2. Fascinating and revelatory. Here’s another connection that doesn’t literally speak of enslaved people here in Columbia County, but of the county’s historical entanglement with slavery. This occurred to me while walking the new section of the Empire State Trail that goes through Stockport. At a stunningly beautiful spot it intersects with Loomworks Road, and crosses Claverack Creek. There’s an interpretive display that tells about the loom factory once located there and powered by the creek, which supplied machinery to factories in the US and Europe.

    Looms=weaving=cotton=slavery in the South.

    How many other early Columbia County industries were likewise based on the slave economy?

    Liked by 2 people

  3. Jonathan says:

    But what’s so often overlooked is the ways that the slave economy, even when it slavery was only in the South, was so enmeshed with the economy of the country as a whole (not to mention that of the world), but in indirect ways, so that people could be blissfully unaware of the connections.

    Liked by 2 people

    • brendashufelt says:

      I remember coming across a knitting mill company in Hudson that the author believed had been contracted to make slave clothes (the description from the company seemed to indicate that). I’ve also heard that even though there was some law created that NYS (or Hudson specific?) couldn’t aid the southern states once they seceded there was one company in Hudson that still made uniforms for the Confederacy. That I have found no evidence for but supposedly when there was a fire in the building years later they found remnants of the uniforms. I will look for the information on the knitting mill though. And, to your point, yes, NYS definitely benefited economically from slave labor. It is good, as you indicate, not to be ‘blissfully unaware’ of this.

      Liked by 1 person

    • Yes, and the complicity in New York state was particularly egregious. A great book on this topic is “Complicity: How the North Promoted, Prolonged, and Profited from Slavery.” https://www.amazon.com/Complicity-Promoted-Prolonged-Profited-Slavery/dp/0345467833

      Like

  4. nancycohen says:

    really interesting – great job, hillsdale historians.

    Liked by 1 person

  5. Gregg Berninger says:

    What slave or near slave working conditions do we benefit from today? Our coffee, chocolate, and clothing come to mind…a $5.99 t-shirt at H&M…unlikely it was made by workers who live a fully free life like we enjoy.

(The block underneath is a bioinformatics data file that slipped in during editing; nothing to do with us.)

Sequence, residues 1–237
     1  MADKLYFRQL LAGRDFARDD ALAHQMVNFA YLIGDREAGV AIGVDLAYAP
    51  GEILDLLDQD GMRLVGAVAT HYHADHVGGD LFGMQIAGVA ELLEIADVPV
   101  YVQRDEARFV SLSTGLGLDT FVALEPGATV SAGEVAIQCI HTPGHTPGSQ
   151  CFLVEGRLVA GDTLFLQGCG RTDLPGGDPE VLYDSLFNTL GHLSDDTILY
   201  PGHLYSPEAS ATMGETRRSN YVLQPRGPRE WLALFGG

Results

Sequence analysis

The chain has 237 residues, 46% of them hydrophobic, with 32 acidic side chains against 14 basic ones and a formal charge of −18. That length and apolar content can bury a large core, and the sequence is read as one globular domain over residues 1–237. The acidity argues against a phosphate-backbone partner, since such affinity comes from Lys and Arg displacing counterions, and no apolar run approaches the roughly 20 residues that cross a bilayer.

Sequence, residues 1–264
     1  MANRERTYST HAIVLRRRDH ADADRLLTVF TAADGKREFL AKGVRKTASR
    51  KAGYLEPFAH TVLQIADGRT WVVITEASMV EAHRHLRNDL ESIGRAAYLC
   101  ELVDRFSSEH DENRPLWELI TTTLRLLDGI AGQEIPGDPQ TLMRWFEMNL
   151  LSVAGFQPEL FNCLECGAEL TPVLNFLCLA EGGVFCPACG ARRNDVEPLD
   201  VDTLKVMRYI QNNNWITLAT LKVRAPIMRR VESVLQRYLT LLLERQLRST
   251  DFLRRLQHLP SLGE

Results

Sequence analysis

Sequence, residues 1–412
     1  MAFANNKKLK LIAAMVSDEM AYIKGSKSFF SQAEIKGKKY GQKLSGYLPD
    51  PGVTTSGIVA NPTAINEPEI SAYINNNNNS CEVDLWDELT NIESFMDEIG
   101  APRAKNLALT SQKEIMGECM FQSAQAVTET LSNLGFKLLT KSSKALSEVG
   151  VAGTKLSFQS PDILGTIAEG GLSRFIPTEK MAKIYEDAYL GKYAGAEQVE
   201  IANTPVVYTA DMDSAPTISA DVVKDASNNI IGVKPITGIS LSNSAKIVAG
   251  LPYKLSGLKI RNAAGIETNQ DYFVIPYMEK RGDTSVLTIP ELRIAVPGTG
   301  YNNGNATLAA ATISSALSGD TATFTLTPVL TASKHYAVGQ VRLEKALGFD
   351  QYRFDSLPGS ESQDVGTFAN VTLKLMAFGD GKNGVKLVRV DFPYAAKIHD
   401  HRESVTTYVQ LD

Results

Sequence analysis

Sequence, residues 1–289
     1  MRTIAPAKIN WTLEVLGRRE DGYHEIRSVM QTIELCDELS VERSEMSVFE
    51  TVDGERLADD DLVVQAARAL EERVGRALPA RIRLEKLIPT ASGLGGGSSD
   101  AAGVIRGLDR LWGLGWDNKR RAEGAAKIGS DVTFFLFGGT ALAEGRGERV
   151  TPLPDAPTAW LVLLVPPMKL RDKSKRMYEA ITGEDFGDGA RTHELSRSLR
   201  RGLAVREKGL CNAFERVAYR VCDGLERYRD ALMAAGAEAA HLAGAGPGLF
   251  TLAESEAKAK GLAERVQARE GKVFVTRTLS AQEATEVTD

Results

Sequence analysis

Thank you for your writing!

    Liked by 1 person

  6. Peter Bunten says:

    Hi — So glad you’re doing this. My organization has done a lot of work on slavery and antislavery in Dutchess County. One area where we connect is with the Quakers along the eastern boarders of Dutch and Colum. After holding enslaved people for two centuries, Quakers finally – in the late 1700’s – began to disown the institution and freed all their slaves. David Irish, of the Oblong Meeting in Pawling, was a powerful voice for freedom, and he took in freedom seekers, before sending them on — many of who went next to the Marriott family, located I believe, in Hudson. Eventually some freedom seekers ended up at a farm just outside Burlington, VT. The Powell family, original of Clinton before moving to Ghent, were Quaker antislavery folks. Aaron became a leader of the antislavery/abolition movement in the middle 1800s and for a time was the publisher of the Anti-Slavery Standard.

    Like you note for Columbia,
    the largest slaveholding areas in Dutchess were the river towns of Rhinebeck, Poughkeepsie and Fishkill. If you have an email list, I’d like to be added.

    Hope to keep in touch,

    Peter Bunten
    Chairman
    Mid-Hudson Antislavery History Project
    palexb711@gmail.com

    Liked by 1 person

  7. Reblogged this on Julie Means Kane – Author and commented:
    Fascinating bit of history from the Historians of Hillsdale, NY, the town in which I live. Thanks, Lauren and Chris.

    Liked by 1 person

  8. Jeanne Kiefer says:

    Lauren and Chris, so interesting! I was aware Hillsdale had relatively few slaves, but did not know much about the rest of the county. Some years ago I was shocked to learn my Long Island ancestors owned 6 slaves in 1710, but your account adds so much detail. Toni Morrison’s novel A Mercy also tells a nuanced New Amsterdam slave story.

    Liked by 1 person